The study investigated the question as to whether – and if so, to what extent – existing theories on the correlation between environmental policies and competitiveness are correct. To that end, a specific area – water policy – was selected in order to analyse individual water policy instruments (water tapping fees, exchange-traded water certificates, water quality regulations etc.) and their effects on various affected industrial sectors and their competitiveness. The comparison was drawn up between various major economies worldwide: several EU countries, the USA, Canada, Japan, Australia and China.
Furthermore, a separate study investigated the general aspect of resource productivity in greater detail.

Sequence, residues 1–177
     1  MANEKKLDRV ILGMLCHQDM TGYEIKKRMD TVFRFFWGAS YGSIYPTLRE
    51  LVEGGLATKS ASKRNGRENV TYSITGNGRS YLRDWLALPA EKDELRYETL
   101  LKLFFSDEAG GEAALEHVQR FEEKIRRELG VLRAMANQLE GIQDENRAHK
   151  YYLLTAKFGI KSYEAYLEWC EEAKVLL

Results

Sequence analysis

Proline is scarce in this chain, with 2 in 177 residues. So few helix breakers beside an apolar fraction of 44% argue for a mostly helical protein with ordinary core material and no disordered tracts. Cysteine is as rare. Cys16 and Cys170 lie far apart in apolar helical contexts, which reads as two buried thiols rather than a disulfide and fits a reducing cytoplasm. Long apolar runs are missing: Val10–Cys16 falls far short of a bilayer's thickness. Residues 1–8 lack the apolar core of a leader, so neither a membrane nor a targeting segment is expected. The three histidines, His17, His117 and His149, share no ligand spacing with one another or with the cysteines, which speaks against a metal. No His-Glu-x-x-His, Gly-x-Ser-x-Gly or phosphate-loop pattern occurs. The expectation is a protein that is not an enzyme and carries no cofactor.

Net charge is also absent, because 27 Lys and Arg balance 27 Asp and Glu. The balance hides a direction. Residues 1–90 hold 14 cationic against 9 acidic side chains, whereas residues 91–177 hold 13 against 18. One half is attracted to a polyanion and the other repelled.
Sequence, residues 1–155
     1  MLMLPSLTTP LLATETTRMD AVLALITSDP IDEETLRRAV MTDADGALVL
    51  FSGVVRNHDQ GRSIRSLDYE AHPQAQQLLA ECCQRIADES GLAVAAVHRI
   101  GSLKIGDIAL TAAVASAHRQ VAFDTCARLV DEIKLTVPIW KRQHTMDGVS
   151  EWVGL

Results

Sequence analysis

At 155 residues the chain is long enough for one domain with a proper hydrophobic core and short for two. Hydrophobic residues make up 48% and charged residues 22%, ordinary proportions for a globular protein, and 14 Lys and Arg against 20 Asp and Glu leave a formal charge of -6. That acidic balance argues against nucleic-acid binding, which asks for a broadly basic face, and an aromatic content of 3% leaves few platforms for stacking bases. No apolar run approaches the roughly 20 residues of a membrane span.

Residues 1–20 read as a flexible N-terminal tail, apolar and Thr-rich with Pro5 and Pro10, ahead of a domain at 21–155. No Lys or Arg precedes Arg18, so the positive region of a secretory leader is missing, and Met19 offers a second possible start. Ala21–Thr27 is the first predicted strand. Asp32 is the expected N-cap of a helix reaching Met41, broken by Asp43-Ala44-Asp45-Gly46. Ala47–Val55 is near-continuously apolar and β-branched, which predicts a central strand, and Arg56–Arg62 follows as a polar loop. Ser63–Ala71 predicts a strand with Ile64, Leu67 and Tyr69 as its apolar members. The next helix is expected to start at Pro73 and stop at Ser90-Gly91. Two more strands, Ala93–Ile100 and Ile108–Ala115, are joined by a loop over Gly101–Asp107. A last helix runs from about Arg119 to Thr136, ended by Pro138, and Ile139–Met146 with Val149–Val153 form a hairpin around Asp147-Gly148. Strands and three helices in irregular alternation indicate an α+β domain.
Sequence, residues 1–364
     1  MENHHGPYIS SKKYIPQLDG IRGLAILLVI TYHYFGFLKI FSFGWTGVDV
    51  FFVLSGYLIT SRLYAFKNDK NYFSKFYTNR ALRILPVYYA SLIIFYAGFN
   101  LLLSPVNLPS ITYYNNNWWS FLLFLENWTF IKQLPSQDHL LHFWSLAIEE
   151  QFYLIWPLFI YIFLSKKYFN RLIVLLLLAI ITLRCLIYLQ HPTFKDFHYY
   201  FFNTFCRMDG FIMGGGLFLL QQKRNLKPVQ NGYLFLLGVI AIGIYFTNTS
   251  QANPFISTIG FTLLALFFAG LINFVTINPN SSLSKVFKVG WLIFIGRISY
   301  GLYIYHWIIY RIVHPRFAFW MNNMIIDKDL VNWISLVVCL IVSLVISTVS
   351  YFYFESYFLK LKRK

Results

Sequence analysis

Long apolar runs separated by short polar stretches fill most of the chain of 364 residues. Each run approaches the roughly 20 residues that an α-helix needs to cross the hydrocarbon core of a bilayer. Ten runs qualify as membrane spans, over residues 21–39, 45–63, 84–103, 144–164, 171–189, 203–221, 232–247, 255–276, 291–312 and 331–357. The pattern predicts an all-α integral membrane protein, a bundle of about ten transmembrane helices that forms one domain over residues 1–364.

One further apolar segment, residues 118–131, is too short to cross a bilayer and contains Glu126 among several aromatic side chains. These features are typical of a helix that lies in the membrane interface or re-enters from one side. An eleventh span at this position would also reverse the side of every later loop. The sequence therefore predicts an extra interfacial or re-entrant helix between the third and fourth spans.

Key results of the project included: There are clear indications of a positive correlation between resource productivity and competitiveness. However, it is also true that resources are often not expensive enough to strongly incentivise companies to save on them. This is particularly so in relation to water. Government policy can, in its turn, make an effective contribution to improving resource productivity by means of various instruments, particularly where price alone does not send an adequate signal to the market. It was also shown that the resource productivity of individual national economies varies considerably, and also that the range of improvement – or even deterioration – in resource productivity over recent decades has been very wide.